The quest to find Shambhala gives Paddock a reason to visit all sorts of places around the world, giving the visuals a nice, diverse feel. From a snowy Tibetan mountainside to tiger-prowled jungles to a castle in the hills of Germany, Lost Horizon has some truly beautiful visuals. In a change from the developer's earlier Secret Files series, the backgrounds here are hand-drawn art with computer-crafted models blended in. This gives certain scenes a more stylized, almost cartoonish look, and it really works well. Ambient effects such as fire, snow, and rain are rendered beautifully and greatly enhance the settings they're used in. The character models are nicely designed, but they don’t have a lot of facial expressions to work with, and the close-up shots often don’t work as effectively as the distant angles do. There’s also no real attempt at accurate lip synching, which distracts from the close-ups as well. However, these are minor flaws next to the graphic beauty of the game as a whole. The wide-ranging scenes are also enhanced nicely by the music, as the score uses all sorts of instruments to establish atmosphere. It is often a little over-the-top in doing so, but the exaggerated style suits such a tongue-in-cheek adventure. From the stirring main theme to the lazy Moroccan bazaar to Shambhala itself, the music never feels out of place or too repetitive while you explore.
As dramatic as the presentation tries to be, the game's interface is fairly standard and should be familiar to most players, particularly those who have played the Secret Files series. Each screen has a handful of hotspots to click on, and the smart cursor shows what actions are possible for each. Right-clicking prompts your character to describe the item or person in question, while left-clicking will attempt to manipulate, pick up or talk, depending on the context. Inventory is arranged at the bottom of the screen, and combining items is as easy as clicking one on the other, and here the cursor shows whether a combination is possible without having to click to hear a repetitive response. There's also a highlighter that clearly shows where all hotspots are. Some may feel this makes the game too easy, but it's entirely optional, and as someone who finds pixel hunting to be one of the least favorable aspects of the genre, I think this feature is a prudent one. There are several scenes where I found needed objects small and difficult to see, and the highlighter mitigated what could have been a long and unpleasant search. There's another icon that describes whatever predicament Paddock is in at the time and what your next goal should be, but all it does is state the obvious. It also needs to be updated a little more often, as at one point I had successfully solved the problem it told me should be my next objective.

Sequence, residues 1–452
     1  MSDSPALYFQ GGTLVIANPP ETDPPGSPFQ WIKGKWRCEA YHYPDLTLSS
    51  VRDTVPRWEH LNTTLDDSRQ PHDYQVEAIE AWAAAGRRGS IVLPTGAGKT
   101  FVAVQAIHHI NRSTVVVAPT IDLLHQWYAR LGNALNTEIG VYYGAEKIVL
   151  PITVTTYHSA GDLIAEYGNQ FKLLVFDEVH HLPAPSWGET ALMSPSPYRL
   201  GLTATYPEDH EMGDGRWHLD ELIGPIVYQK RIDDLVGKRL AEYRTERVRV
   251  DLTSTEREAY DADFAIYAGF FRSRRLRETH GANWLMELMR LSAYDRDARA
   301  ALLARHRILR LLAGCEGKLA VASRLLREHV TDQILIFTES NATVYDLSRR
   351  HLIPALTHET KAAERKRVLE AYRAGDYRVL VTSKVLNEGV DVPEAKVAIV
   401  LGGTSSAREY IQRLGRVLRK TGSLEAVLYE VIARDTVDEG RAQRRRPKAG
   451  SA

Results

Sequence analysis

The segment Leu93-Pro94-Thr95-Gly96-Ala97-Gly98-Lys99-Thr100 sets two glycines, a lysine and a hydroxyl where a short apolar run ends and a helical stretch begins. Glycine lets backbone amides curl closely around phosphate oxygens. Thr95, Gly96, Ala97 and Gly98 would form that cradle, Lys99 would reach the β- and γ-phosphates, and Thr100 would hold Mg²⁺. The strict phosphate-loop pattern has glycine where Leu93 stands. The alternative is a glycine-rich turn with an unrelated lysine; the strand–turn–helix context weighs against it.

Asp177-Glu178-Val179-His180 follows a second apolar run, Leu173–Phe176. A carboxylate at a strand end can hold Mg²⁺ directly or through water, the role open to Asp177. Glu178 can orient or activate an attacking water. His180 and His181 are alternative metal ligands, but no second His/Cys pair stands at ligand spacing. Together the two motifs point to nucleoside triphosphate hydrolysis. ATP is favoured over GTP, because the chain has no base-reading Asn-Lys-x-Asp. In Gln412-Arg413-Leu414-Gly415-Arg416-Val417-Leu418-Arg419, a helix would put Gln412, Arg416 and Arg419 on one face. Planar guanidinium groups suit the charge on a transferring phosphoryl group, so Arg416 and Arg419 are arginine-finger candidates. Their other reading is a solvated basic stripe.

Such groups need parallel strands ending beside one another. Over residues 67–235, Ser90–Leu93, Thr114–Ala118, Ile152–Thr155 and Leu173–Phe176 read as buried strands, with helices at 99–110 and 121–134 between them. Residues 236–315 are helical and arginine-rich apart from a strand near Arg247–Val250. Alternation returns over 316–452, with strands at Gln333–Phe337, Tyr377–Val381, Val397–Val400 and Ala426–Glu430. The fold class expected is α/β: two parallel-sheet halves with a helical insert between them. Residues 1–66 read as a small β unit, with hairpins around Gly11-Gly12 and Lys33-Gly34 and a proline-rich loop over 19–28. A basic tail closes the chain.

Puzzle solving is largely inventory-based and the obstacles are rarely illogical or dull in design. Some of the tasks will certainly strain belief, and at times you’ll know what to do but be prevented until Fenton has established a reason, but the solutions are largely intuitive and shouldn’t give experienced players much difficulty. Between the hotspot highlighter and the ease of trying every item combination if necessary, getting yourself out of a rut is usually fairly simple. I’m hesitant to say the puzzles are too easy, as some segments are very clever and should give even a seasoned adventurer a fun challenge. At times Kim becomes a second playable character needed for cooperative solutions, and one sequence has you controlling two protagonists simultaneously, separated but working together without ever directly interacting with each other. On the other hand, there are several sections where your options are so limited that they practically solve themselves by process of elimination. When you only have one or two objects and a handful of hotspots to utilize, you’re not going to be scratching your head very long.